Buenos Aires — A decade ago, Maximiliano Minoli and Damián Pardal decided to open a bicycle shop in the Buenos Aires neighborhood of Villa Urquiza. Installed in a former vegetable store of 35 m2, they saw how the demand and the popularity of that means of transport was growing, and over time they were able to annex an adjacent store to continue growing the business.
But at the same time, in their heads they were thinking of an ambitious business plan that consisted of turning that first store into a chain of bicycle shops. Years went by and the idea became more and more established. But it was the pandemic and bicycles’ surge in popularity as a means of transportation that brought a boom, and their dream began to take shape.
“The pandemic was crazy, with the demand for bicycles and the need for bike shops. People started to become aware of having a balanced, healthy life, and safe transportation with respect to Covid-19,″ Cristian Ceccherini, marketing manager of Goldenbike, says.
“We had only two stores of our own, but even before the pandemic we had the idea of franchising the brand, and the pandemic gave us the necessary push.”
In mid-lockdown, after franchising the first store, everything began to ‘pedal’ very fast, with the company opening one store after another. Today, a year and a half later, there are already 30 franchises of the brand.
The same happened with the company. “The company grew as the demand grew and made the human resources part of the company increase a lot, which today already has more than 100 employees in total,” says the executive.
Although he acknowledges, “without the pandemic, I don’t know if we would have had that explosion. The pandemic helped to sell the first franchises and then continue with a rhythm of growth”.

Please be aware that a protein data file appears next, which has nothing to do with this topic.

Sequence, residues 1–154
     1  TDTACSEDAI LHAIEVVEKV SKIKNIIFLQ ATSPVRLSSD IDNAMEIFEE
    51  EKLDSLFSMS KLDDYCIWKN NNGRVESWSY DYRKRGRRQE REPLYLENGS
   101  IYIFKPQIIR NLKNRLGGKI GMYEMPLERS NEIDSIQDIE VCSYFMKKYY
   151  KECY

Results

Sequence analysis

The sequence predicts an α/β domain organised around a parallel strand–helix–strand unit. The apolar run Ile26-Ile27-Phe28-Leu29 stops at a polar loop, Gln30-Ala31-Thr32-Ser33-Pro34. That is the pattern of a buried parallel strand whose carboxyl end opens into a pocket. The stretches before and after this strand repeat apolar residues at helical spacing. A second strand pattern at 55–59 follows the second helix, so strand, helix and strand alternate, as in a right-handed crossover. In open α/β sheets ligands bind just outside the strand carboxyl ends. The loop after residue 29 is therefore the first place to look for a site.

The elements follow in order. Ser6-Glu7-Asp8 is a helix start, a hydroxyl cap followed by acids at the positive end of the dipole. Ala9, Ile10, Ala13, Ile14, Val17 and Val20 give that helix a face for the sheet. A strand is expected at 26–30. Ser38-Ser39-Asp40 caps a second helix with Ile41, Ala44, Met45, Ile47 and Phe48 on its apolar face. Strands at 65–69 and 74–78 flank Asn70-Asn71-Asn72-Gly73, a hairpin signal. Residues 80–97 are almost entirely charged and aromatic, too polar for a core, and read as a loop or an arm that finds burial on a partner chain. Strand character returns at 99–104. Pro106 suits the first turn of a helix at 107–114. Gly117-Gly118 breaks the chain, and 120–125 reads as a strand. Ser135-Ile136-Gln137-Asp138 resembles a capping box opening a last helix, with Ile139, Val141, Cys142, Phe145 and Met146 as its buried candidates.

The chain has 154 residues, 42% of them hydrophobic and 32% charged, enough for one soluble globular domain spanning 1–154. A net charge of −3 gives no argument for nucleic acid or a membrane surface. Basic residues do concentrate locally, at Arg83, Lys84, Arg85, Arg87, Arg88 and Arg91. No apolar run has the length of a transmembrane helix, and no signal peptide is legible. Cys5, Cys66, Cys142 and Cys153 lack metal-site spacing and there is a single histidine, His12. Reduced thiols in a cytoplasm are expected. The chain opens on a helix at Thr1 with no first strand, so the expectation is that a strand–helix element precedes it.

The Business Model
Goldenbike currently operates throughout Buenos Aires. Each franchise has a cost of $20,000, and the investment in which is recovered after the first year of operation.
The company estimates that the average annual turnover is $100 million per store, revenues that correspond to 80% bicycle sales and the remaining 20% to the workshop and repair segment. In terms of total turnover, its latest results show some $1.5 billion.
But as well as the increase in demand, there has been a large increase in the prices of bicycles. Ceccherini says the company’s advantage is that it buys in large volumes for all the franchisees, which allows it to have competitive prices compared to the rest of the market, generating a win-win situation for buyers and business partners.
In addition, the company emphasizes that all franchises must comply with strict quality and aesthetic protocols, from the products they sell to their display.
“In this city alone, 405,000 bicycle trips were registered in 2020, so we believe that in 2021 that figure will have doubled; this shows us the huge potential,” Ceccherini says, adding that they are also testing their own bicycle brand.
For both Minoli and Pardal, there is still a long way to go, but they are not slowing down. For this year, they plan to grow 300% annually with a very strong expansion strategy: 60 stores in a conservative scenario, and 100 in a slightly more aggressive one.
At the same time, while already present in Buenos Aires (in La Plata, Olavarría) and in Mendoza, they plan to open stores in Santa Fe, Mar del Plata, Tandil and Córdoba, in addition to expansion to other countries, especially Uruguay and Chile, although the first big step outside the country will be taken in Miami.